3. Here’s a collection of post-peak short stories that Greer edited. There’s a great variety of future visions in here, and all are well thought-out:

Fiction, albeit well thought-through and grounded

More resources


How would a Fukushima-type nuclear accident in San Luis Obispo impact the California produce industry?

Fukushima Reactors BurningI was recently in Japan, and in the course of going about my usual visits with friends, I realized how broadly the nuclear accident has impacted Japan domestically, even outside of the accident area.

First of all, when it comes to farming, much of Northern Honshu is now on an unofficial “blacklist” among the typical Japanese consumer. Even though radiation measurements, official and unofficial, are only showing elevated radiation levels in very specific areas near the accident, the reputational impact has hit a much, much broader area.

This impact became clear when I suggested to friends that we go to a certain tofu restaurant. They politely demurred because they have a young daughter, and the soy beans for tofu that that restaurant uses are grown in Northern Honshu. It is notable that they were readily aware of where that restaurant sources it’s soy. So I went online and checked that area of Japan, but didn’t see any elevated readings anywhere nearby. Nonetheless the reputational damage has been done, for that farmland and that restaurant. We went elsewhere.

The impact became even more clear when my wife and I were visiting the resort (and farming!) town of Inawashiro. Although it’s in Fukushima province, Inawashiro is well away from the nuclear impact area, and shows no evidence of heightened radiation levels. My wife loves soba, so we went to a well-established local soba restaurant in town, where they make everything by hand. I like to eat local foods, and so I enthusiastically asked where the soba was from. The lady smiled and said that they found the best soba these days is from Hokkaido, and so that’s what they use. I pressed her a bit, and she said even that yes, the local soba was actually fine.

I’m guessing that they used to use soba grown closer to home, but had to stop doing that after the nuclear accident, in order to retain tourist business. Consider how painful that reality must be for them. But also consider that even though this area doesn’t show any signs of heightened radiation, it is gravely impacted through “guilt by association,” basically killing the domestic market for their produce. And in a way, it makes sense.

I bet that many Japanese consumers are thinking “Why take a chance?” along with “Can we really trust the government to tell us what is and isn’t safe, when they’ve lied to us so many times about what was really going on?” Thus when the accident is scary enough, and enough people are in active avoidance of all food products grown in a very broad area, then a cycle is in place where the retailers and restaurants avoid it as well, because develop a reputation of selling food that is potentially unsafe.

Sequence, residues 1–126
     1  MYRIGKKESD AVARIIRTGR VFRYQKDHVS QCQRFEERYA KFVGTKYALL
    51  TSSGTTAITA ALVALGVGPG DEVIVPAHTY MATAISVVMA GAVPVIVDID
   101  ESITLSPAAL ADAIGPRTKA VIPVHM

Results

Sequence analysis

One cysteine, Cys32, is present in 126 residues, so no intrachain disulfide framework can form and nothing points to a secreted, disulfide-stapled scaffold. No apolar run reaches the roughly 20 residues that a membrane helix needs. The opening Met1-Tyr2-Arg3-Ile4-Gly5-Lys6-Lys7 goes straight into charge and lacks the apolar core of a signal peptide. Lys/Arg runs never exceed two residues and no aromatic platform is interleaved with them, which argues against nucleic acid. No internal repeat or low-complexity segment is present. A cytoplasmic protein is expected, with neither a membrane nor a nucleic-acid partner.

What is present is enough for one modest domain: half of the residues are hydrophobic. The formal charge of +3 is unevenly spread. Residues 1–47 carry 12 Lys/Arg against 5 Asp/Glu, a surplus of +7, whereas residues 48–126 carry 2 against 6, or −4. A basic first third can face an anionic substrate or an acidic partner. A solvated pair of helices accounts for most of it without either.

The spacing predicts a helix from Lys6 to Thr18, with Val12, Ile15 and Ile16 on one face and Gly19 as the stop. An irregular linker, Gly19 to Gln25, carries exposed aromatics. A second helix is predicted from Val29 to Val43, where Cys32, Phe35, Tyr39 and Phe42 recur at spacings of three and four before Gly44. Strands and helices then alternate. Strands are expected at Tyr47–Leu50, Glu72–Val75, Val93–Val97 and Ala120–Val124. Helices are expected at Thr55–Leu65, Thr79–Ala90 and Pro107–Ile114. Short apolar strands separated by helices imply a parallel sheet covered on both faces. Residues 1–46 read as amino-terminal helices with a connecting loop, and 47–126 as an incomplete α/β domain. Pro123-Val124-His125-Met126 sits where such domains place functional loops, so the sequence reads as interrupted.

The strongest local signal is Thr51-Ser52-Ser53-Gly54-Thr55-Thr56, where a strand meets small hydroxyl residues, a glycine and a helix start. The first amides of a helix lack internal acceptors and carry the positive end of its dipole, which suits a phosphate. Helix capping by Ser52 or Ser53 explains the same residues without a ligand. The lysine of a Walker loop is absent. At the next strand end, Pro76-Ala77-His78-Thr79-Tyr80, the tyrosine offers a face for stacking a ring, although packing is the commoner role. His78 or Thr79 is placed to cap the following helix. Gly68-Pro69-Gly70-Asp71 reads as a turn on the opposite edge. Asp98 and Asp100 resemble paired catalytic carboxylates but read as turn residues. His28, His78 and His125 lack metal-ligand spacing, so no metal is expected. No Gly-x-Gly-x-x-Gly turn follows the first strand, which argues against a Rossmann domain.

The end result is that for these farmers, their domestic markets are gone. They can try to sell at much lower prices on the international market, but given the costs of doing business in Japan, this might not be feasible. Understand that the produce they are selling is measured for radiation and is safe in that respect—we’re not talking about dumping radioactive food on other countries. But in Japan a premium is paid for high quality, domestic produce, and that market is wiped out for the conceivable future for a large swath of Honshu.

So that brings me back to California which, like Japan, is earthquake country, and which has two nuclear power plants on the coast, one near San Luis Obispo and another near San Diego. Both of these plants, being near the cost–like Fukushima is–are also very close to major earthquake faults.

In the case of a major earthquake that caused a Fukushima-type nuclear accident, one would think that the damage would be limited to the  farmland directly impacted by such an accident, based on radiation readings. That’d make logical sense, right?

But if we take the example of Japan, the emotional backlash against California product would be severe, regardless of what the experts with their Geiger counters say. People would get scared, and stay scared, for a long time about eating California produce.

Here’s the greatest  irony of it all: there is a safe, straightforward, cost-effective way for California to get rid of the need for nuclear energy. No I’m not talking about solar energy, although that has a lot going for it. I simply mean good old energy conservation. 

If more households took on home energy retrofits, especially for heating and cooling, and generally got smartly about how they heated and cooled, then the energy savings could be used to close down those nuclear plants.

Consider this: if you think the impact of coal fired plants is grave and long lasting, the impact of a nuclear accident is on another timescale altogether. To me it’s just not worth the risks, which based on Fukushima, we know are very real.